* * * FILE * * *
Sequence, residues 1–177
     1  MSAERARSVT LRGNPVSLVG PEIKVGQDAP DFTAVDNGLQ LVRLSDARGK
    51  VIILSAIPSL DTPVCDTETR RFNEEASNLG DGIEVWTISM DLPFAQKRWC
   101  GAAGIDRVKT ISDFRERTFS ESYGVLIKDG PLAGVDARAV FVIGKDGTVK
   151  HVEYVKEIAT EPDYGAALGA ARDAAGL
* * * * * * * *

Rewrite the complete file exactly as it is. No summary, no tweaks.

Sequence, residues 1–177
     1  MSAERARSVT LRGNPVSLVG PEIKVGQDAP DFTAVDNGLQ LVRLSDARGK
    51  VIILSAIPSL DTPVCDTETR RFNEEASNLG DGIEVWTISM DLPFAQKRWC
   101  GAAGIDRVKT ISDFRERTFS ESYGVLIKDG PLAGVDARAV FVIGKDGTVK
   151  HVEYVKEIAT EPDYGAALGA ARDAAGL